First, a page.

error message in any given state; in states where this gives
 Zero, it will be impossible to trigger an error!
ErrorR : {I : Set}{SafeMessage : I > Set}(i : I)(c : ErrorC SafeMessage i) > Set
ErrorR _ _ = Zero  there's no comeback
errorNext : {I : Set}{SafeMessage : I > Set}
(i : I)(c : ErrorC SafeMessage i) > ErrorR i c > I
errorNext i c ()  so we don't have to say how the state will evolve
ERROR : {I : Set}(SafeMessage : I > Set) > I => I
ERROR SafeMessage = ErrorC SafeMessage <! ErrorR / errorNext

 COPY A FILE

{ 4.6 Implement a process which, given access to suitable interfaces, will
give the process for copying a named source file to a named target
file. This goes in two phases.
}
{ 4.6.1 Firstly, you should identify the commandreponse interface within
which you need to work. You will need to be able to read and write files,
but also to signal errors (in case a file fails to open for some reason).
You must ensure that it is impossible for any process using your interface
to escape with an error leaving a file open. You must also make it
possible to guarantee that your copying process will, error or not, leave
all files closed.
}
CPState : Set
CPState = {!!}
CPInterface : CPState => CPState
CPInterface = {!!}
{ 4.6.2 Secondly, you should implement your copying process, working to your
interface. I will let you switch off the termination checker: you cannot
predict in advance how long the copying process will go on, as you have
not seen the source file yet. (Later, we'll learn how to be honest about
things which might go on for ever, but for now, let's cheat.)
}
{# NO_TERMINATION_CHECK #}
cp : (sourceFile targetFile : String) > Game CPInterface {!!} {!!}
cp sourceFile targetFile = {!!}
{ HINTS
You will certainly need to build some extra bits and pieces.
You have the components for reading, writing and error handling, and
suitable kit with which to combine them. Reading and writing don't
interfere with each other, but it's important to make sure that you
can't bomb out with an error, so some shared state seems important.
There are really two phases to the process:
(1) getting the files open  this may go wrong
(2) copying from one to the other  this will work if we reach it
You might want to split these phases apart.
}

 SCRIPTING INTERACTION

{ 4.7.1 Show how to take a commandresponse interface and deliver its
"scripted" version, where a script command consists of any permitted
(possibly empty) sequence of the given commands. }
SCRIPT : {I : Set} > I => I > I => I
SCRIPT {I} CRn = Game CRn (\ I > One) <! Rs / ns where
Rs : (i : I) > Game CRn (\ I > One) i > Set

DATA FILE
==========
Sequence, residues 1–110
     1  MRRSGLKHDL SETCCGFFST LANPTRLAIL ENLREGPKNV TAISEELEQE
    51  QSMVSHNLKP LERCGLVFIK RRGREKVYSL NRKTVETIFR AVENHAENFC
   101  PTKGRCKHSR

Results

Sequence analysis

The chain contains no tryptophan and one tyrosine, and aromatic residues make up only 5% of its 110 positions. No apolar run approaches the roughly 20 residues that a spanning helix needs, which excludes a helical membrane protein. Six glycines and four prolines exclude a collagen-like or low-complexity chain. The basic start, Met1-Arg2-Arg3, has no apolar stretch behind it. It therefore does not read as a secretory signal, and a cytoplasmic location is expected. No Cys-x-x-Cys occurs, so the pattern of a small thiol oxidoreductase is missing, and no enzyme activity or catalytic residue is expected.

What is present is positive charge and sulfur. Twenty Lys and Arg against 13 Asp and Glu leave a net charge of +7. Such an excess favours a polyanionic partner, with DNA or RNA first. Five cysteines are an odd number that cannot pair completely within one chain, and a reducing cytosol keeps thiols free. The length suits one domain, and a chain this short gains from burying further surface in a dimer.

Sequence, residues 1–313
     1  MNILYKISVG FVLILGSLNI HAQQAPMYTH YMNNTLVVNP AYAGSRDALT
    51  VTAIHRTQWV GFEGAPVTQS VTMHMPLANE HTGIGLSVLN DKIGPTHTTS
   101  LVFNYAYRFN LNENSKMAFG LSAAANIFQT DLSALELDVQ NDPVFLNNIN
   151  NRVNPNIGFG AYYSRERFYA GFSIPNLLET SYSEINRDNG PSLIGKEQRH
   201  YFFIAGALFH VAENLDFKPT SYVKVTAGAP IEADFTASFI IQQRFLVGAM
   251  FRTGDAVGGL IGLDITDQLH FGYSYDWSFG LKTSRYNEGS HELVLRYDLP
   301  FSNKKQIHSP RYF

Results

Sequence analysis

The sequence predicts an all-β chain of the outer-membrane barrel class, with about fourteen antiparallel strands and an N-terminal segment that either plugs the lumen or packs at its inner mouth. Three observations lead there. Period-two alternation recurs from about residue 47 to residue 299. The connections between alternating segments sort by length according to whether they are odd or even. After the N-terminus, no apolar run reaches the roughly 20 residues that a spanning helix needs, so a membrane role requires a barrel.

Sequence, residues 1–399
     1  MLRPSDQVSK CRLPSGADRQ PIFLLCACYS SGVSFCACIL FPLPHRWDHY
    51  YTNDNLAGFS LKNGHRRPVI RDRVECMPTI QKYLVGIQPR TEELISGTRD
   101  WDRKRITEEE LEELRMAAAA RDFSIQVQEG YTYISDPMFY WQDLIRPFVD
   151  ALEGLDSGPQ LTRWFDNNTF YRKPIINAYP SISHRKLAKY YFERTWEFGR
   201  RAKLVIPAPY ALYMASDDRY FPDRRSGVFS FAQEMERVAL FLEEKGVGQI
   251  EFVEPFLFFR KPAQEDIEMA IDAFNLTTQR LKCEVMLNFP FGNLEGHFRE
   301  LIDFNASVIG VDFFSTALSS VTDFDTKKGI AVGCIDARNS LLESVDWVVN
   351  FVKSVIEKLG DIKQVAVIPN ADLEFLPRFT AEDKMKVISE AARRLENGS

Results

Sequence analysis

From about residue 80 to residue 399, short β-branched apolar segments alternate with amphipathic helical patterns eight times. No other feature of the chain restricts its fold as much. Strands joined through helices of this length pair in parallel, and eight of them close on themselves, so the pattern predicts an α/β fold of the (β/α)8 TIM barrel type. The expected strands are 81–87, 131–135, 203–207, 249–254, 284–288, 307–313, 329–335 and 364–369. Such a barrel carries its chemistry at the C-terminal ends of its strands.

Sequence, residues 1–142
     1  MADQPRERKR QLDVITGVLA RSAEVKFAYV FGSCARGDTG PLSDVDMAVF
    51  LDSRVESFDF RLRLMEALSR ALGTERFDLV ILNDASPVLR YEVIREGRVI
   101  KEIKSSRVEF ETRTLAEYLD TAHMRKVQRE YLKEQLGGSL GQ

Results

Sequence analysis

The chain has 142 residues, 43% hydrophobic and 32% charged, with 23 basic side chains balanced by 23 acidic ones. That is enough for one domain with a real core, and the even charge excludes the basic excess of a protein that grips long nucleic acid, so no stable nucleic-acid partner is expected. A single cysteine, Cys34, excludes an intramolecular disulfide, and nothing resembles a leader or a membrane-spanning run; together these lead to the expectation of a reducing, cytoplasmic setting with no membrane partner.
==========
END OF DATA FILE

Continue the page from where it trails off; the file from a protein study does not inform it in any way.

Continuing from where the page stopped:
Rs i cs = {!!}
ns : (i : I)(cs : Game CRn (\ I > One) i) > Rs i cs > I
ns i cs rs = {!!}
{ 4.7.2 Show how to take a strategy for scripted interaction and turn
it into a strategey for unscripted interaction, by running the scripts
one command at a time. You may find it useful to build a helper function
to process one script. }
unScript : {I : Set}(CRn : I => I){X : I > Set}{i : I} >
Game (SCRIPT CRn) X i > Game CRn X i
unScript CRn g = {!!}
 HINT doing recursion in the "fold" pattern may help

 INDEXED CONTAINER DRIVERS(*)
 (*) The researchers who invented this stuff are fans of The Fall
 (by which I mean the group led my Mark E Smith who wrote the song
 The Container Drivers, not some johnnycomelately Northern Irish
 serial killer drama).

record Driver {I J : Set}(Sync : I > J > Set)
(Hi : I => I)(Lo : J => J) : Set where
 Hi is a highlevel commandresponse interface
 Lo is a lowlevel commandresponse interface
 Sync specifies which high and low level states are compatible
 and what you expect to know at the time
field
 assuming states are in sync; it should be possible to map
 highlevel commands to lowlevel commands...
hiClo : (i : I)(j : J) > Sync i j >
Command Hi i > Command Lo j
 ...and afterwards to translate the lowlevel response to that
 command back up to the highlevel
loRhi : (i : I)(j : J)(s : Sync i j)(c : Command Hi i) >
Response Lo j (hiClo i j s c) > Response Hi i c
 moreover, the resulting states should be in sync
nSync : (i : I)(j : J)(s : Sync i j)(c : Command Hi i)
(r : Response Lo j (hiClo i j s c)) >
Sync (next Hi i c (loRhi i j s c r)) (next Lo j (hiClo i j s c) r)
open Driver public

 A DANGEROUS HASKELL IO COMMANDRESPONSE SYSTEM

data Maybe (X : Set) : Set where
yes : X > Maybe X
no : Maybe X
data IOMode : Set where
readMode writeMode appendMode readWriteMode : IOMode
postulate Handle : Set
data HaskellIOCommand (_ : One) : Set where
hOpen : String > IOMode > HaskellIOCommand <>
hClose hIsEOF hGetChar : Handle > HaskellIOCommand <>
hPutChar : Handle > Char > HaskellIOCommand <>
hError : String > HaskellIOCommand <>
HaskellIOResponse : (i : One) > HaskellIOCommand i > Set
HaskellIOResponse i (hOpen f m) = Maybe Handle
HaskellIOResponse i (hClose h) = One
HaskellIOResponse i (hIsEOF h) = Two
HaskellIOResponse i (hGetChar h) = Char
HaskellIOResponse i (hPutChar h c) = One
HaskellIOResponse i (hError e) = Zero